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Washington DC museums exhibits


#1

Hello All,

I just returned from a weekend viewing of three museums in
Washington DC The Sackler and Freer Galleries are no doubt well known
to many on this list and the current Iranian silver exhibit (Sackler)
is interesting in both is display of wonderful old work, but also of
one piece in particular…the Shapur Plate with hunting scene. There
is a missing haunches on one of the boar which illustrates the inlay
technique used better than I have seen on any other old work.

http://www.ganoksin.com/gnkurl/1pm

The National Geographic Museum has a limited display (in time and
pieces) of the Anglo Saxon Hoard recently found in Staffordshire,
UK. If you have an interest in old work of the “Dark Ages” then I
would say this is a not to be missed…unless you are in the UK and
wish to see it when it returns.

The work is fascinating in its complexity and fineness. The wire
filigree, inlayed garnet and texture are on a scale much smaller than
current work I have seen.

You must bring a magnifying glass to the exhibit (very sad indeed
that the display does not offer such for rent/purchase/set up for
each piece). As most of the pieces are for weaponry it is quite
interesting “Guy stuff” in fine jewelry…“warrior bling” of you
will.

Ric Furrer


#2

Hi folks,

Let me second Richard’s recommendation about the Staffordshire Hoard
exhibit at the National Geographic HQ. I was there before Christmas,
and it was well worth the trip. (From California… ) (Not the real
reason for the trip, but it did influence the timing.) I think it
closes in early March.

You must bring a magnifying glass to the exhibit (very sad indeed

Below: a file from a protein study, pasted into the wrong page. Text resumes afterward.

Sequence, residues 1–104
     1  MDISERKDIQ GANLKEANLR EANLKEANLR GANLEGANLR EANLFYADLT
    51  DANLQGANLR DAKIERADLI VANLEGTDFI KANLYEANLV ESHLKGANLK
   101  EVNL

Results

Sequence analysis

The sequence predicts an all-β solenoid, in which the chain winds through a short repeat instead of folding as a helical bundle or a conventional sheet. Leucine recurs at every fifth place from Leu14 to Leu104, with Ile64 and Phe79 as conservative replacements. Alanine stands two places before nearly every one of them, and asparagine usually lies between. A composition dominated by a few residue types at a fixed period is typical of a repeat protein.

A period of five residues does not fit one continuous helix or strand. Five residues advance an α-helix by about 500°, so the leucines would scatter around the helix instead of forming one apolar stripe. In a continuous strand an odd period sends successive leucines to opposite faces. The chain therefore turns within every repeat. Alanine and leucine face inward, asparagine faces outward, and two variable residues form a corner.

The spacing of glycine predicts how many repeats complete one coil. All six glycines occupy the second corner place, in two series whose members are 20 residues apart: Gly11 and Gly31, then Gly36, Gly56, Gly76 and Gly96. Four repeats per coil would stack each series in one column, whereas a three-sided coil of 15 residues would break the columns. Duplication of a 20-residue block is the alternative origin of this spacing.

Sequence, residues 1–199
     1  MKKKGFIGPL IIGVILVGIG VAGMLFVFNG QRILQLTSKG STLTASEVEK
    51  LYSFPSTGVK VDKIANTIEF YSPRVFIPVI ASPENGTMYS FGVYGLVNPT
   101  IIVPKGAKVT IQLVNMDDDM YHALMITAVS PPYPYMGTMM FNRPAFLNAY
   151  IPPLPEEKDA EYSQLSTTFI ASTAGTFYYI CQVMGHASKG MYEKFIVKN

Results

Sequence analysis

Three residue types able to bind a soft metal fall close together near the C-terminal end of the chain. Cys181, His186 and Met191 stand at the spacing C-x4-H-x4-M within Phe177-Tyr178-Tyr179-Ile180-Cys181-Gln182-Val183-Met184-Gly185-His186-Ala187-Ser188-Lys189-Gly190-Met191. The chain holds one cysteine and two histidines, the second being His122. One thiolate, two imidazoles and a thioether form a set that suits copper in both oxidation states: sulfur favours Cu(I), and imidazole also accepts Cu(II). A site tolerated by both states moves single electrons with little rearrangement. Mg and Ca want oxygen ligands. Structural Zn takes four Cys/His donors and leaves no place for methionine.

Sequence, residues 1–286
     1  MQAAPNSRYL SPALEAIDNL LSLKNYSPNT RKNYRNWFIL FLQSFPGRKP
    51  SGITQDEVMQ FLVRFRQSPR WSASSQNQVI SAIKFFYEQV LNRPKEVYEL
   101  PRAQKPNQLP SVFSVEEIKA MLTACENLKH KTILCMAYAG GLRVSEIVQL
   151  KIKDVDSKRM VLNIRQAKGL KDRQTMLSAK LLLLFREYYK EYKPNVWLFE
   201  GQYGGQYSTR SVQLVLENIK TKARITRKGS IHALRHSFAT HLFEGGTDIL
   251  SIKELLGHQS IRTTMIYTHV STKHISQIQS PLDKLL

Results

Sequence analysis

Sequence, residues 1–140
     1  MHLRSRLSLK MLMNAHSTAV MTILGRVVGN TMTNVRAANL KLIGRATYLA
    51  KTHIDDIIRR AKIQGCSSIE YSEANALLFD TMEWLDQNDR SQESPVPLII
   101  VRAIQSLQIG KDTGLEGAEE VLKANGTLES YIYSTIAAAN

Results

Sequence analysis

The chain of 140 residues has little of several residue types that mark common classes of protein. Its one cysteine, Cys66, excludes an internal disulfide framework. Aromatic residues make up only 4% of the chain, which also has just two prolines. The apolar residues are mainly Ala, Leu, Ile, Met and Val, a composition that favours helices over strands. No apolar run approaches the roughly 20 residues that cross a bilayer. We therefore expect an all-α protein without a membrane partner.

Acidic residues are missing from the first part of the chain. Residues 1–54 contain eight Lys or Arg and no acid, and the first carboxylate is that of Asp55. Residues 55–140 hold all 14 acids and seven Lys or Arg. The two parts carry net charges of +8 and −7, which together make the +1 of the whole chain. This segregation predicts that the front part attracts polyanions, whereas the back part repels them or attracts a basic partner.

that the display does not offer such for rent/purchase/set up for
each piece). As most of the pieces are for weaponry it is quite
interesting "Guy stuff" in fine jewelry..."warrior bling" of you
will. 

They do actually have flashlights and at least one long-range loupe
that you can borrow. My wife mugged one of the docents for her
flashlight, and then it turned out that they do have a funny sort of
monocular magnifying thing with enough depth of field to let you get
a pretty good view through the cases. (ask at the entrance station.) A
conservator friend of mine and I spent 3 hours happily crawling
around the exhibit on our knees, looking at all the pieces from
every angle we could.

(We were the docent’s floorshow for the afternoon. If you plan on
doing that, I’d suggest a Monday afternoon. NOT a weekend.)

Amazing stuff. While it sucks for the pieces themselves that they’re
smashed to bits, it’s really good from a "how’d they do that?"
standpoint, as it lets us see the mechanics of how the pieces were
constructed. There’s also a pretty good interpretive information
program with zoomable photographs running on hard-mounted ipads. I
forgot to find out if that was available for purchase. It’d be worth
picking up if available. Great photos.

Many of the ‘big name’ pieces are there, as those got cleaned first.
The thing that looks like a bent disk brooch is there, as is the
rest of it, whatever it may eventually turn out to be. (it isn’t
a disk brooch.) The other parts of it make it look like some sort of
giant mushroom button, or wrapping post. Near as we could figure,
it’s probably a wrapping post for a leather thong, used to hold a
large bible closed. A good chunk of the garnet ‘train track’ edging
is there, and the quantity of that, combined with the wrapping post
make me think that much of the hoard that isn’t obviously sword
fittings is trim stripped off one incredibly fancy bible. (Oh, and
the snakes are there. Even looking at them in person, I still have
no idea what they were for.)

The only real letdown is the exhibit design: it was designed by
textile conservators, apparently. It’s lit only slightly less well
than the inside of your average coalmine, at midnight. Really, it’s
lit about the level you’d light a show of ancient textiles or
papers. Which would be just right, for textiles or paper. But these
pieces are metal, rock and glass that’s been in the dirt for 1400
years. Properly lighting the pieces would have absolutely no effect
on them, so there’s no real excuse for having them so poorly lit. If
you want to go, for ghu’s sake, take a flashlight. You’ll kick
yourself if you don’t. (yes, they did have one available, but that
may have been more a function of us doing an impromptu guided tour of
Anglo-Saxon metalworking techniques for the docents than anything
normal.)

If you’re anywhere on the American east coast, and you’re at all
into historical metalwork, you must see this show. Period.

FWIW,
Brian Meek